Getting patients motivated to exercise and sticking with an exercise program continues to be a challenge for many physicians. According to Andrew Martin DO, MBA, FAWM, FAOASM, medical school doesn’t provide much training in this area.
Dr. Martin hopes his session “The Exercise Rx,” part of the American Osteopathic Academy of Sports Medicine program, will fill in part of that training gap. The session takes place on Saturday from 2:30 p.m. – 3:30 p.m. in Room 11, on the second floor of the convention center.
“Exercise is an underutilized treatment modality that has a tremendous impact on an individual’s health,” said Dr. Martin. “For the most part I think the general public understands that exercise is important, but the confusion often lies in the dose and type of exercise.”
Dr. Martin is Director of Sports Medicine and Head Team Physician at Campbell University, in Buies Creek, NC. He is also an assistant professor of Family Medicine and Sports Medicine at Campbell University School of Osteopathic Medicine and Team Physician with the United States Ski and Snowboard Team.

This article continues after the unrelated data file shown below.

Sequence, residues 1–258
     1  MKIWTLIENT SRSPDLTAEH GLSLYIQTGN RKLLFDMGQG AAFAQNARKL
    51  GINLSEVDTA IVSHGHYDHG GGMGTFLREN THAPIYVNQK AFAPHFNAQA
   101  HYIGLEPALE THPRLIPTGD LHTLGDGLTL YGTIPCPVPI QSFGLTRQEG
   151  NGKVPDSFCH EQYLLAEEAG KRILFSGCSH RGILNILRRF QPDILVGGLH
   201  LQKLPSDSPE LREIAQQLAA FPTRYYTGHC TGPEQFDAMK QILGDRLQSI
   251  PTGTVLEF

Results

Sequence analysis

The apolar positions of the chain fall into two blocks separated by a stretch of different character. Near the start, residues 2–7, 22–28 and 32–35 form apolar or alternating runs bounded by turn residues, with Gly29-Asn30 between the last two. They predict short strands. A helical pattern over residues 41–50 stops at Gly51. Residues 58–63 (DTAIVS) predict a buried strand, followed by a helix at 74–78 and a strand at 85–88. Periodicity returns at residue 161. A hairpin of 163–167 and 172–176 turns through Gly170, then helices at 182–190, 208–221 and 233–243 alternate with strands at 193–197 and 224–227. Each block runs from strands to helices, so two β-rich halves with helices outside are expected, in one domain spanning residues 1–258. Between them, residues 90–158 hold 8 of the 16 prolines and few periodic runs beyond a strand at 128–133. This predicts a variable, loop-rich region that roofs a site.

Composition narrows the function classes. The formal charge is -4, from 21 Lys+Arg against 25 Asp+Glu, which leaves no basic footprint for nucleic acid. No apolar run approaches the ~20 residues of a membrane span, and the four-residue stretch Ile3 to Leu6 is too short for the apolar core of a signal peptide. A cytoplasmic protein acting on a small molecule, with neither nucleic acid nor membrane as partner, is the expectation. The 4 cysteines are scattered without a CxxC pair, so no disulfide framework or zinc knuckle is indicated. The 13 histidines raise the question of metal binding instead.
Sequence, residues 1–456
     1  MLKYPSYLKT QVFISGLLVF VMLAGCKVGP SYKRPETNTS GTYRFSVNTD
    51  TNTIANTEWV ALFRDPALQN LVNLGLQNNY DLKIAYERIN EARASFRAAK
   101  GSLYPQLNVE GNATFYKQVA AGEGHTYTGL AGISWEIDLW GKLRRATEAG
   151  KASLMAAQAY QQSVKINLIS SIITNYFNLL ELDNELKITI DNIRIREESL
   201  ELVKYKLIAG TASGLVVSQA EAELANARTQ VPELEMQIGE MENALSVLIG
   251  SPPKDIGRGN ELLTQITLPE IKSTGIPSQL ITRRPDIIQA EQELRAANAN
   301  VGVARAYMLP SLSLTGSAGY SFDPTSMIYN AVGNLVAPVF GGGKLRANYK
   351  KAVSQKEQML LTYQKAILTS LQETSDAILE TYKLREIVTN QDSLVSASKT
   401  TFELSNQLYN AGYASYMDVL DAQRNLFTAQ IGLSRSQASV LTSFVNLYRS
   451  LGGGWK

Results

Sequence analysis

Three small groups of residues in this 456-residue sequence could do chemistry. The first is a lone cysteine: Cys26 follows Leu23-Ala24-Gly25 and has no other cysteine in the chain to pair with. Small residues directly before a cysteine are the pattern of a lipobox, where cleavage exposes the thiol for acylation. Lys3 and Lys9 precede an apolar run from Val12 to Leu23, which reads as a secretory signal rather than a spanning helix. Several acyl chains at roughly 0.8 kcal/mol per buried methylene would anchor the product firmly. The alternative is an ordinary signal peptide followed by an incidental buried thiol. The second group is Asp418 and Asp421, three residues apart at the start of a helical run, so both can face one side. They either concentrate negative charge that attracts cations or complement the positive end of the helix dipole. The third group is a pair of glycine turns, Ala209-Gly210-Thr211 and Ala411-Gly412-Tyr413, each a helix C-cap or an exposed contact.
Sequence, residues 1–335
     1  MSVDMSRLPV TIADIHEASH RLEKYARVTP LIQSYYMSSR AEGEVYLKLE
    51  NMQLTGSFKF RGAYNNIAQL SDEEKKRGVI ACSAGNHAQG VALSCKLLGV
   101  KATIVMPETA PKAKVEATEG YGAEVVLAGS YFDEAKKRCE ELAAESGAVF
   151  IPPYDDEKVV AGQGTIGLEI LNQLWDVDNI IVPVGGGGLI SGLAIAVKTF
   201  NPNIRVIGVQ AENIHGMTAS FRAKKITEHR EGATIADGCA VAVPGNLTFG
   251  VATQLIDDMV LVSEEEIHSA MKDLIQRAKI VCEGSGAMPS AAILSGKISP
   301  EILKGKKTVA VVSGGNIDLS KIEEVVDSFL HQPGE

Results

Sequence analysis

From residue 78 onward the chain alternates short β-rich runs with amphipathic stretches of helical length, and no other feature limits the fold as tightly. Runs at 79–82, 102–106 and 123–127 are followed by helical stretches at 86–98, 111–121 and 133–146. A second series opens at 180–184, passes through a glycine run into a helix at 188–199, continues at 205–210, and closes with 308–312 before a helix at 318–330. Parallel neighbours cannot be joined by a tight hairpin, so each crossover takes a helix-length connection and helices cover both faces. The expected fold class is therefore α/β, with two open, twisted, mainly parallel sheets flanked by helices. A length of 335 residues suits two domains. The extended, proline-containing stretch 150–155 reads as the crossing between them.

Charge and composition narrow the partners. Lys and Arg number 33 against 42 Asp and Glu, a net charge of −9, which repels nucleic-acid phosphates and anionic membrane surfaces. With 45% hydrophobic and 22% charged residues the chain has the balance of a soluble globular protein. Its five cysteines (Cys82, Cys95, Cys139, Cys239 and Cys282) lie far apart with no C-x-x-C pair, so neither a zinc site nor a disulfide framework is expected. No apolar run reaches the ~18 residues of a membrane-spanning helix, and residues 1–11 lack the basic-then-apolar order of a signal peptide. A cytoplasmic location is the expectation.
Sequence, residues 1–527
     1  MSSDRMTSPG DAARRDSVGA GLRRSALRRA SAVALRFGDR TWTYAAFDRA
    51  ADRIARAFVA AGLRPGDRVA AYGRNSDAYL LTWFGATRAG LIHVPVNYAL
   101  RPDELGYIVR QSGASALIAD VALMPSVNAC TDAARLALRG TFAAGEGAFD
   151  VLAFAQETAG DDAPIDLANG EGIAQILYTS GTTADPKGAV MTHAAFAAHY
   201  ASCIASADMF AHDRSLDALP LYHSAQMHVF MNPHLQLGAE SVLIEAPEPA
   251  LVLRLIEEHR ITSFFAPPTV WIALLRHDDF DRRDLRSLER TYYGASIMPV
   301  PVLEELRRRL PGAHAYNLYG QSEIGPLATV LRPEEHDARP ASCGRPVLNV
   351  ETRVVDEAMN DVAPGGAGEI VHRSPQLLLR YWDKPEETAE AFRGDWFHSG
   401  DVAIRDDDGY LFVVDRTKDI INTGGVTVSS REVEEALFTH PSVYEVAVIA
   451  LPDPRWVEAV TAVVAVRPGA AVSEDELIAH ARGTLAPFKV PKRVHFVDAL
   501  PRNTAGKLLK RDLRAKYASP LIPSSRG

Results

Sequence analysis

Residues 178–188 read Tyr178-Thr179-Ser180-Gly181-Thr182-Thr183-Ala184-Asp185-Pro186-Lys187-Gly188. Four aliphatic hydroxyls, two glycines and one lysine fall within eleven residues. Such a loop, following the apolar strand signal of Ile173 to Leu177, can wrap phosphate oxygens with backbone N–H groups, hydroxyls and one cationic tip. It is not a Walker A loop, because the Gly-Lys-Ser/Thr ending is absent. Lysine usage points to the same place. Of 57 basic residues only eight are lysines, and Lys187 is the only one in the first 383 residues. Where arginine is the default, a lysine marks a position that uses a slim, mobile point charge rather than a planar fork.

He will talk about the health benefits of exercise and review some of the recent research on this subject. He will also discuss the challenges of getting patients to exercise on a routine basis.
“As doctors, we really aren’t educated well in this area. So it’s left up to physicians to educate themselves and come up with approaches that are going to be long lasting with patients,” he said, adding that he hopes to provide attendees with tools that will help with compliance and improve the patient’s likelihood of continuing with exercise.
As a sports medicine physician who works with both athletes and non-athletes, Dr. Martin has seen a lot of people get injured as the result of exercise and training. The problem can be compounded when it’s a patient who’s coming into the office looking to start an exercise program and has been away from sports for some time or has never exercised regularly before.
He noted that the push has been toward cardiovascular exercise first, whether that be walking, jogging, cycling, or running. However, this approach can often result in injury. He will describe what he believes to be a more successful approach to decreasing injury rates when starting an exercise program.